Business Logic Layer: Power Automate

Every application processes activity and data based on a set up pre-defined rules – often referred to as workflows. As the artist formerly known as Microsoft Flow, Power Automate is Power Platform’s visual workflow builder tool. As with PowerApps, Automate comes pre-loaded with a number of common workflows and tools that empower non-developer users to visually build comprehensive business logic rules. Activities like reacting to when data is entered into a PowerApps form, assigning a task to user, requesting approval for a document or even automating manual tasks are easily implemented via the Power Automate online interface.

Reporting and Analytics Engine: Power BI

Smart data, commonly referred to as Business Intelligence or BI, is a key element of any good application. Without analytics, data is just data. Power BI, as with the rest of the tools in the Power Platform suite, offers a simple interface, drag and drop common reporting components (like pie charts, data grids, key performance indicator controls and a great deal more) and pre-defined data connectors. Power BI helps transform mere data into actionable business information, often with just a few clicks and a stroke or two of the keyboard.

Tying it all together: Baked-in Office 365 integration

As if all the other features are not enough, did I mention that the Power Platform is built to integrate with Office 365 tools like SharePoint, Teams and other apps out of the box? Yep, that’s the best part of all this…Microsoft has positioned the Power Platform smack dab in the middle of the Office 365 and Azure universe. Have a SharePoint list and want to assign tasks to users automatically, for example? No problem – Power Automate has built-in SharePoint Online list connectors that allow for connecting list events to workflows that do just about anything. Office 365 and Power Platform make a VERY powerful combination, especially in the post-COVID-19 work from home, cloud-enabled world that’s come to be.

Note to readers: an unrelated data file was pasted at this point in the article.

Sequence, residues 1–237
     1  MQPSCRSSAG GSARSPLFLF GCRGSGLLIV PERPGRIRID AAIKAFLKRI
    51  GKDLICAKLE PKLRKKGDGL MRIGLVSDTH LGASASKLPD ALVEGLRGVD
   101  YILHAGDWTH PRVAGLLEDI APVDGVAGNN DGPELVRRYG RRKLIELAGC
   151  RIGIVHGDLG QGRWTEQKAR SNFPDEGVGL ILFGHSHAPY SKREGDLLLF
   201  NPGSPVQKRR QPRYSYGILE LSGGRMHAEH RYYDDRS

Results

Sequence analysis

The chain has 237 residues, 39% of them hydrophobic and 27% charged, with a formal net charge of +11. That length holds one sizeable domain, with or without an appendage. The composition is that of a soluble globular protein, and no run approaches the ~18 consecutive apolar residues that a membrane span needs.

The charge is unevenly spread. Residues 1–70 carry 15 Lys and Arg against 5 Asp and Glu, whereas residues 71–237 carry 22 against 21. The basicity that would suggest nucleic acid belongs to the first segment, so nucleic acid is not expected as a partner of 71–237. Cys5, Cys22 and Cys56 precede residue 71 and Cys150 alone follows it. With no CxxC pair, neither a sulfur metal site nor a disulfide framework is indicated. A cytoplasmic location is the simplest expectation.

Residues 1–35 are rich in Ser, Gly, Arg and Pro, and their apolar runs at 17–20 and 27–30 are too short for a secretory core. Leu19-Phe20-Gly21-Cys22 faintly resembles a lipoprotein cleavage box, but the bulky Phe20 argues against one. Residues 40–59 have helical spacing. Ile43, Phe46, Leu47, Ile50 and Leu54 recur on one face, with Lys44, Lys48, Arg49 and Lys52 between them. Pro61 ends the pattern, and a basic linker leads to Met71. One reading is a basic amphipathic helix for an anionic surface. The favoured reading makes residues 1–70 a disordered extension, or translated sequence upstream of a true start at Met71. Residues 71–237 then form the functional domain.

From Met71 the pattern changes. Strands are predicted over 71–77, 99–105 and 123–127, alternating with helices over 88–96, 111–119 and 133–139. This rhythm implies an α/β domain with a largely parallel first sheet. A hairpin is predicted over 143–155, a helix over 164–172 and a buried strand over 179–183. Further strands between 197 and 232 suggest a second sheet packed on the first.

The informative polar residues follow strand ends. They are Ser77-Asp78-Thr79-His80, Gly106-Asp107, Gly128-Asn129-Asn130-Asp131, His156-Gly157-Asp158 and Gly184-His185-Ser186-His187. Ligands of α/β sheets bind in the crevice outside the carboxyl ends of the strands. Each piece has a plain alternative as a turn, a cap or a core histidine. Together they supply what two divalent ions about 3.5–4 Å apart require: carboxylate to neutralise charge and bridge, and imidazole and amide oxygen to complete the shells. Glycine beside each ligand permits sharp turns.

Empowering Developers: Quicker Delivery of more Powerful Apps

Citizen Developers the world over are rejoicing at the possibilities the Power Platform represents, but what about traditional developers? Certainly, all that Polymorphism-jargon-stuff must still bring some benefit to the end user’s experience and bear some impact on the feature set of any app…if not, why would we even need developers anymore? The answer is simple: while the Power Platform enables Citizen Developers to cobble together home-grown apps via powerful prefab components, the impact for trained developers is exponentially greater. By leveraging Microsoft’s Power Platform in combination with coding skills and software engineering experience, today’s otherwise conventional software developer has the tools to design and deliver applications more quickly, more effectively and more tightly integrated with the Office 365 and Azure ecosystems. In the hands of a capable software development team Power Platform presents the perfect opportunity to deliver custom-designed software application at a more amenable price and timeline than other, more traditional custom solutions.

Exigent Technologies has extensive experience designing, developing and implementing custom Power Platform software solutions that integrate tightly with Office 365 tools, allowing clients to work in the office productivity software environment with which they are already familiar.